Hommus bi Lahm – Hommus with Spicy Mince

The tradition of serving hommus swirls in round clay dishes has been around the Levant for years. Hommus is now global, considered hip and healthy.  When you go to the supermarket you may find it difficult to chose a brand or variation. Tubs of classic hummus line the shelves alongside white beans hummos, edamame hummos or beetroot hommus. However delicious these may be and as far I’m concerned, they are not hommus at all! Let me explain: hommus in Arabic means chickpea – the legume – and does not mean a type of purée. Mashed and mixed with tahini it is referred to as hommus bi tahini – chickpeas with tahini. There are many ways of cooking hommus – chickpeas, but it is hommus bi tahini that serves as a base for traditional toppings such as pine nuts tossed in hot butter, whole chickpeas dressed with garlic and olive oil or a dollop of warm minced meat.

Not long ago people used qawarma as topping- mutton mince, cooked with spices and confited in fat. The latter came from the large tail of a hardy breed of sheep. Using liyeh or fat tail has been around Arab cooking for centuries In many Lebanese and Syrian homes qawarma was staple in the store cupboard. It provided protein and fat while adding body and ‘umf’ to dishes; my grand mother often fried eggs with a spoonful of qawarma prompting lip licking excitement.

People’s way of life and diet changed and their taste buds followed suit. The strong pungency of lamb no longer appealed to younger generations and qawarma is often replaced by lean minced meat cooked in oil as is in the  recipe that follows.


For the Hummus:

  • 500 g cooked chickpeas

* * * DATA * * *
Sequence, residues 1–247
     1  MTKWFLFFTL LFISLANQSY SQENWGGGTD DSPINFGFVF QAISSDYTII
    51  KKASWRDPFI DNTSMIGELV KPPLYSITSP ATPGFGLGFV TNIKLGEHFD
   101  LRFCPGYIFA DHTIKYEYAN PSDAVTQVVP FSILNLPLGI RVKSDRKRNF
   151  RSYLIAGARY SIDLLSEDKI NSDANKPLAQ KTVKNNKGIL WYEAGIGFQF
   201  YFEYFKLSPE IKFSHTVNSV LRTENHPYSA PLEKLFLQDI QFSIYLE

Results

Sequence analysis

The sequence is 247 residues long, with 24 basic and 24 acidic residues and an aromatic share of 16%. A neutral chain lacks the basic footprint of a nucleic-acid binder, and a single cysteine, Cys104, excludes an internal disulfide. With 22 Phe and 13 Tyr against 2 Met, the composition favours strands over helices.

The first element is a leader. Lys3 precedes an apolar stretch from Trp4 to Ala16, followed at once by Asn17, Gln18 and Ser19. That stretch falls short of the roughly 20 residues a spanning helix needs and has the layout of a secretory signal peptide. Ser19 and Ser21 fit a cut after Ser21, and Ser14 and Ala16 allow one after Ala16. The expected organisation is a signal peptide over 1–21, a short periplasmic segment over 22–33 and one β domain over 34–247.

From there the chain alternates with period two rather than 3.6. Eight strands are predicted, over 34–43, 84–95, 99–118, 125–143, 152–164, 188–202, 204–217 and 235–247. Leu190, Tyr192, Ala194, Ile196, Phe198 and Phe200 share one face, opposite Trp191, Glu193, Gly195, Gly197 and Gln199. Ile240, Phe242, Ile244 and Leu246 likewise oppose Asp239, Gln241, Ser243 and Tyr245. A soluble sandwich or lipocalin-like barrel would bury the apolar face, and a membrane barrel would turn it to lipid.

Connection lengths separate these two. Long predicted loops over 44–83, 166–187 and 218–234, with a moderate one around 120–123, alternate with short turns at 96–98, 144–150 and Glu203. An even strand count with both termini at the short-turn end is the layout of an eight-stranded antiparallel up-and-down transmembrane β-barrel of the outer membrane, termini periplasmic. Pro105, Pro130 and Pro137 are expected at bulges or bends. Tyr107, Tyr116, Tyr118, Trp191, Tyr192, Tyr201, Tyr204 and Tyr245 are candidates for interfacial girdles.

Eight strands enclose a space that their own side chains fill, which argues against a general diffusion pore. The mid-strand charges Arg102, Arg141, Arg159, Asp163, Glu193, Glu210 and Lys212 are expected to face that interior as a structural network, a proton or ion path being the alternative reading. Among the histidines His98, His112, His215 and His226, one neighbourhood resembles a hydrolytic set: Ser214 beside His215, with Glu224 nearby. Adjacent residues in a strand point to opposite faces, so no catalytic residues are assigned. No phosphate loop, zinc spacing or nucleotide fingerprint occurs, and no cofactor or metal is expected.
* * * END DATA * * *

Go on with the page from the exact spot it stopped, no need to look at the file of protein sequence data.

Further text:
• 2 garlic cloves
  • 2 ice cubes
  • 1 tablespoon olive oil
  • Juice of 2 to 3 lemons
  • 50 ml tahini
  • Sea salt
  • A dash of extra virgin olive oil

For the meat topping:

  • 1 tablespoon olive oil
  • 100 g cubed minced meat, lamb or beef
  • ½ teaspoon sumac
  • ½ teaspoon freshly milled black pepper
  • 1 tablespoon pomegranate molasses
  • ½ teaspoon allspice
  • 1 tablespoon pine nuts


  1. Place the chickpeas in a food processor and grind for 5 minutes. The blend at this point will look thick and granulated.
  2. Add the garlic, salt and 2 ice cubes. The ice helps to soften the mixture.
  3. While the machine is running, incorporate the lemon juice and olive oil; mix for 1 minute and add tahini. As the hummus thickens from the reaction of tahini and lemon, add 1 or 2 tablespoons of water to make it softer.
  4. Process until the mixture is smooth like soft cream.  serve in a round dish. With the back of a spoon make a deep swirl in the centre of the chickpea paste and set aside.
  5. Heat oil in a heavy based pan sear the meat. Stir until the mince is cooked and a dark brown colour.
  6. Mix in the spices and sumac.
  7. Cover and cook on medium to low heat for about 8 minutes.
  8. When the meat is ready, taste and adjust the seasoning before spooning it over the centre of the hummus.
  9. Garnish with toasted pine nuts and a final drizzle of extra virgin olive oil.
20 minutes

Cooking time

30 minutes

Preparation time

4 to 5


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